Major cities around the world have been flooded by a tidal wave of electronic scooters that have provoked reactions of delight and disgust in equal measure. They have proven a viable and clean alternative to the automobile in many urban areas but they have been criticized for clogging up the pavement. That's especially true in Paris where riders using the sidewalk and discarded e-scooters resulted in extra fines. San Francisco went one step futher and banned them.
Safety is the biggest concern though and a new study published in JAMA Surgery has found that the United States experienced a surge in injuries due to e-scooter use. It documented 4,583 injuries in 2014, a number that increased to 14,641 in 2018. During the same period, the age-adjusted injury rate climbed from 6 incidents per 100,000 people to 19 per 100,000 people, a 222 percent increase. Hospital visits also soared 365 percent. Those massive increases are probably not too surprising given the scale of the e-scooter boom across the U.S. but the data is worrying for one key reason - only five percent of those injured wore a helmet at the time.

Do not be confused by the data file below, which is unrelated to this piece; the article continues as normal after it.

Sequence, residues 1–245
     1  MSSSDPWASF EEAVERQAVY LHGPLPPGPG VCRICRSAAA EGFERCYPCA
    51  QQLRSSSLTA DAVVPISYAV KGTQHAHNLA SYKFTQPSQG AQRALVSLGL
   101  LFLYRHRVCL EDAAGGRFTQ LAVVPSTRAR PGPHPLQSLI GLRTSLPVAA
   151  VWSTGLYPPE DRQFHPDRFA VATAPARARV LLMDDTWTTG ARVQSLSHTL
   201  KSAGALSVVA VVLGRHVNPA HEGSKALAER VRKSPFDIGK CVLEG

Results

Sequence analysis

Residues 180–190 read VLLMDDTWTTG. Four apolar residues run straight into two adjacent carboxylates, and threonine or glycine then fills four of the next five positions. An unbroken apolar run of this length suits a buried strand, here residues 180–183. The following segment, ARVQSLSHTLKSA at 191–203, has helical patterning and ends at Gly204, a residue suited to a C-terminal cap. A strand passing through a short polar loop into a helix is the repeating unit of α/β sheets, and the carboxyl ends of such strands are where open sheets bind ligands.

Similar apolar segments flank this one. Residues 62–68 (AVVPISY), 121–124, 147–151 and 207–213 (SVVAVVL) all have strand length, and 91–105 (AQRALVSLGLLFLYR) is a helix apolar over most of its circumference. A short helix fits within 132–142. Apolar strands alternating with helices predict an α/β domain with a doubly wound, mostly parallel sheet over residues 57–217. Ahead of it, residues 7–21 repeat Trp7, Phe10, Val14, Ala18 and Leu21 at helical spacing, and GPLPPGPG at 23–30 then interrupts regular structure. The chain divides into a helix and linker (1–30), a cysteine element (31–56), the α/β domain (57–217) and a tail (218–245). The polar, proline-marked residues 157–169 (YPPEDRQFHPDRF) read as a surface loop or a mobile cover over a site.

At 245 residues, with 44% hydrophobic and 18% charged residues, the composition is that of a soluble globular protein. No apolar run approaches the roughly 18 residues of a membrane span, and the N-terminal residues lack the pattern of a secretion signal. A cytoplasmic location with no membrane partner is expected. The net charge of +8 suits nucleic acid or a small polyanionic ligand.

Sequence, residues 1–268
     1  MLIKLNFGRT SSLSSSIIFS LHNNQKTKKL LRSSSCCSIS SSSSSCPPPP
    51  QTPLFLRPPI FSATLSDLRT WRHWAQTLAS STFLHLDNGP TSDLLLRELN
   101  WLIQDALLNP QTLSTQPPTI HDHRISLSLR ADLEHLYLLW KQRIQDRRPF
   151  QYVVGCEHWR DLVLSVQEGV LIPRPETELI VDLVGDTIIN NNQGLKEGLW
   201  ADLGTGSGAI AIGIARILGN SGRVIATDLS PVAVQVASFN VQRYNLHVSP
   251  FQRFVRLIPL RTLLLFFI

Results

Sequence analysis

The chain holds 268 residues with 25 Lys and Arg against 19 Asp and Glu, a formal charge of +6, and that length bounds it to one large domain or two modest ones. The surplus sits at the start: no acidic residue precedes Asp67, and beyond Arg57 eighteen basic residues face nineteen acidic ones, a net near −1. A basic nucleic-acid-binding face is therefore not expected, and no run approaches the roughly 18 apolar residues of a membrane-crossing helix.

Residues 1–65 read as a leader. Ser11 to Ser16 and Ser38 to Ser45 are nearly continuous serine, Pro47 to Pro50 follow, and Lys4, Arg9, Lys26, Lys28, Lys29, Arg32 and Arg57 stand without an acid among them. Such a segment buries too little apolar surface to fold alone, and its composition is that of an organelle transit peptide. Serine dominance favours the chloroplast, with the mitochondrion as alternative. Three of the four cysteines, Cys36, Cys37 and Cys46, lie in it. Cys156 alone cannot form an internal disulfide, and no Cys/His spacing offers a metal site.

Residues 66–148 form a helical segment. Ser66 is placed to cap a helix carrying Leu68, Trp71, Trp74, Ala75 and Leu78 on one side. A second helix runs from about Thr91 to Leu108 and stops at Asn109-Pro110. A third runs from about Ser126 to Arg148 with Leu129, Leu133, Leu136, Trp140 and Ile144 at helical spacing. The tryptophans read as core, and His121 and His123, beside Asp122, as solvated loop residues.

Nearly a third of all patients incurred a head injury, double the rate experienced by cyclists. People in the 18 to 34 age bracket are most likely to be injured riding e-scooters and their hospital admissions skyrocketed 354 percent between 2014 and 2018. Nearly 40,000 people required treatment due to an e-scooter accident during those four years.